Since Kevin O’Hare became director and since Covid they’ve had long runs of some ballets which is fine for the principals but not perhaps for the rest of the cast doing 27 Beauties. Ben said it could be partly the scheduling of productions. It can feel as if it’s dragging on but it gives them more space for rehearsing other works at the same time. After fifty Swan Lakesthe ladies probably wish it was over sooner.Tom added that it depends on the production, you never see multiple shows of triple bills, but it’s not as intense for the boys, while for the girls it’s hard work in the big productions. They’ll do 20/30 shows of the classics in which the girls are involved most of the time. As a soloist you get some shows off to recover so it’s not too intense. Twenty-five shows is always a challenge physically especially with a new piece or rehearsal of other ballets throughout the day.  After Covid they were down to eight programmes but now it’s up to ten.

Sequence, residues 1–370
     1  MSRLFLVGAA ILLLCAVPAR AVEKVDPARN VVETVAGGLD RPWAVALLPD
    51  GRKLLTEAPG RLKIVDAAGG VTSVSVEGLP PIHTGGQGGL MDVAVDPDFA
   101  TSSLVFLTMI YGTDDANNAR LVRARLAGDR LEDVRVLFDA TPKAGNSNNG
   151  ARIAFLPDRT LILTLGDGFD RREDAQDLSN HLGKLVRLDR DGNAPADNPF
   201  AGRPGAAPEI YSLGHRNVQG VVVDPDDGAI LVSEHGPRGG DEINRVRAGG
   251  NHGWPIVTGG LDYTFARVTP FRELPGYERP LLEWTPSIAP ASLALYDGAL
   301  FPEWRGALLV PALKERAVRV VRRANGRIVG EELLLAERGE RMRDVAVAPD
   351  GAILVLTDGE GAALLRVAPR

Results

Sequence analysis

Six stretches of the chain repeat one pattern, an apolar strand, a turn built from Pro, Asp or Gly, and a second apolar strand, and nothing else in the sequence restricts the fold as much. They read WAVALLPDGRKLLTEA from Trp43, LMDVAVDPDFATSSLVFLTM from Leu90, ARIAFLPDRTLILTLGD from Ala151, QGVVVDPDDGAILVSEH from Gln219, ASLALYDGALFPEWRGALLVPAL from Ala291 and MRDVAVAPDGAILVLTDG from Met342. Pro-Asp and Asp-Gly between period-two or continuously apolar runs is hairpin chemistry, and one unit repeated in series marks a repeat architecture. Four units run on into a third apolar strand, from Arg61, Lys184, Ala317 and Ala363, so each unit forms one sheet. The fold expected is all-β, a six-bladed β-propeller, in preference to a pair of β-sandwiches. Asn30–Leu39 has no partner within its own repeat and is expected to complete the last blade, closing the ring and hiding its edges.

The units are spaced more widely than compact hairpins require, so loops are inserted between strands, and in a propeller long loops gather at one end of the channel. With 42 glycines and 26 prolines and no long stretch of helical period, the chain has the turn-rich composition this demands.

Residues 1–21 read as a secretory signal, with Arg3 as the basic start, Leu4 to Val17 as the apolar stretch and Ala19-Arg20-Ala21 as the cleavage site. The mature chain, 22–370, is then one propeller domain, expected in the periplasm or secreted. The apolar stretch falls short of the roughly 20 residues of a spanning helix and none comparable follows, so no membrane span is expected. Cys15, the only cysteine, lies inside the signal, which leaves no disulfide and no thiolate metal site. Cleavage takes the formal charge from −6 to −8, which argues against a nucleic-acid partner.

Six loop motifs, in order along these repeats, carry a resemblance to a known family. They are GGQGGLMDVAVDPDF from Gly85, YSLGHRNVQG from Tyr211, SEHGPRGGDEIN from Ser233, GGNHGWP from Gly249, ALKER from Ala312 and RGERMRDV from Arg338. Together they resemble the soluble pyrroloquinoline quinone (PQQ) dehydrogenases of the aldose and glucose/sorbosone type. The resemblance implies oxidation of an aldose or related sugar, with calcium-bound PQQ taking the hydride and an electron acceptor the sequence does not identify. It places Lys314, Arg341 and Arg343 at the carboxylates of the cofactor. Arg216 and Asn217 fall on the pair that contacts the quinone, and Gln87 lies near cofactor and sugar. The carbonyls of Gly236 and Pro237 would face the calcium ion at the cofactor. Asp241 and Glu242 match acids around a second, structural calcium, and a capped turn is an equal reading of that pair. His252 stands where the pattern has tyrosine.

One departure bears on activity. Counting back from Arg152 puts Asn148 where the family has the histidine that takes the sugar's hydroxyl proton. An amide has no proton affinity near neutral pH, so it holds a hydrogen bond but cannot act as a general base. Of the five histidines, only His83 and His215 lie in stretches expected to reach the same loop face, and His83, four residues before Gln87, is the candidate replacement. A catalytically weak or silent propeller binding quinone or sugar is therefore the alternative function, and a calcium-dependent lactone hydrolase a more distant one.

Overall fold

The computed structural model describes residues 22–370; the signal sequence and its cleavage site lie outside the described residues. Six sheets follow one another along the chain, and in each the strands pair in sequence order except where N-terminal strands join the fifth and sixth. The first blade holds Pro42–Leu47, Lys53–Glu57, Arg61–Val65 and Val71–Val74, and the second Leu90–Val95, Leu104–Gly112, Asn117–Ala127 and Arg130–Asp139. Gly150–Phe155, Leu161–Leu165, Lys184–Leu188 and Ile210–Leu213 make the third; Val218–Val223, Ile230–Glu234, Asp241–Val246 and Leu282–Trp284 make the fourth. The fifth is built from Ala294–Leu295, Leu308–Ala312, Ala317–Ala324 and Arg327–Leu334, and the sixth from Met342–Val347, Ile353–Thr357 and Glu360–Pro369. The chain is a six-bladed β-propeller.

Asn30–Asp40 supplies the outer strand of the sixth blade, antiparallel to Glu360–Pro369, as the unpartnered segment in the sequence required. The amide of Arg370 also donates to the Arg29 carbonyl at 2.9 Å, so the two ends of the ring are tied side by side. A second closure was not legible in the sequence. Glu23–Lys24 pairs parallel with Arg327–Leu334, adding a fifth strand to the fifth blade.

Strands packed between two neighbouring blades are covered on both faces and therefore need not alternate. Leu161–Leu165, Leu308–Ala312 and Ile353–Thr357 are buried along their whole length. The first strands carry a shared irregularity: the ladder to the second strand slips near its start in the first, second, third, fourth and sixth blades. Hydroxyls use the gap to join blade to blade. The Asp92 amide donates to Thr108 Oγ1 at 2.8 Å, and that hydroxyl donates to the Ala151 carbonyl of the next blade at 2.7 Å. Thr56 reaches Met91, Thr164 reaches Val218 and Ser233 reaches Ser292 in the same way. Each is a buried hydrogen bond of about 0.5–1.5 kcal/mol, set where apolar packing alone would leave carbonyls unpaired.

At the end of last season they toured Japan. Tom said it was his third or fourth time there on tour and the whole company was very excited. It’s a wonderful country, the people are very inviting, the culture is wonderful and everyone has a fantastic time. They took Romeo and Juliet and although Tom was injured just beforehand it was really easy as he was only doing Escalus so it was more like a vacation and he brought his wife with him so they had a great time. It was his last tour so a good one to finish with. Ben says he always loves going to Japan and this was probably his 5th company tour. The Japanese love the ballet, treat them very well and the dancers all love Japanese food and culture. It already feels like years ago. They’d not been since 2019 because of Covid although they should have gone in 2022 but sadly the tour was cancelled so this was special and the audiences even more appreciative of them. It’s almost ridiculous with the crowds outside after the show. Sometimes it’s a bit too much - people would follow you to the station and back to the hotel which occasionally required a stern word! Ben went back later in the summer with Hikaru Kobayashi’s gala which he choreographed for. It was an amazing experience. He made a piece for Northern Ballet and this was basically the same.  For Hikaru’s gala he had the cream of the Royal crop – Marianela Nunez, Matthew Ball, Mayara Magri, William Bracewell, Vadim Muntagirov and Fumi Kaneko. It was difficult to put together as they were making the piece whenever they had time.  Not everyone got together until the week of the show in Japan so it was quite scary. The dancers knew what they were doing by the time they reached the shows and they’re such incredible artists they can be relied on to perform. Then Ben went to Leeds and tweaked it, adding one piece of music with a new finale for Northern Ballet which premiered in September in Leeds before coming to the Linbury. Unfortunately, he had bad flu with a temperature of 39 degrees and was bed-ridden for three days so couldn’t make it for opening night or the Thursday night when Prince Edward was watching. He also had the cream of Northern Ballet including Joseph Taylor and Dominique Larose, Harris Beattie. Sarah Chun and Jun Ishii who is very talented at only 19 and danced Vadim’s role, and Kirika Takahashi who did Fumi’s part. This was a very different experience as he had much more time with them. With the Royal he had just three or four rehearsals with Marianela and William but with Northern he had two weeks in May, after Bluebird, when he headed up to Leeds to teach, choreograph a bit more and tidy it up, and he then had three more weeks leading up to the performance in August/September. It was amazing working with them. They are so eager and it was a real experience having an assistant, Dan, who was amazing and Hikaru who was also helping. Federico is Director but has not many people between him and the dancers so he is very busy but really helped a lot. They would have a chat at the end of the day to see how things went and he came up with ideas. It was Ben’s first go at choreography so it was good to have that support and feedback and positive criticism. He still wants to dance but he has a lot more respect for choreographers now. It is easy for dancers to complain but you are putting your heart on the stage so it’s a very vulnerable place to be before a show.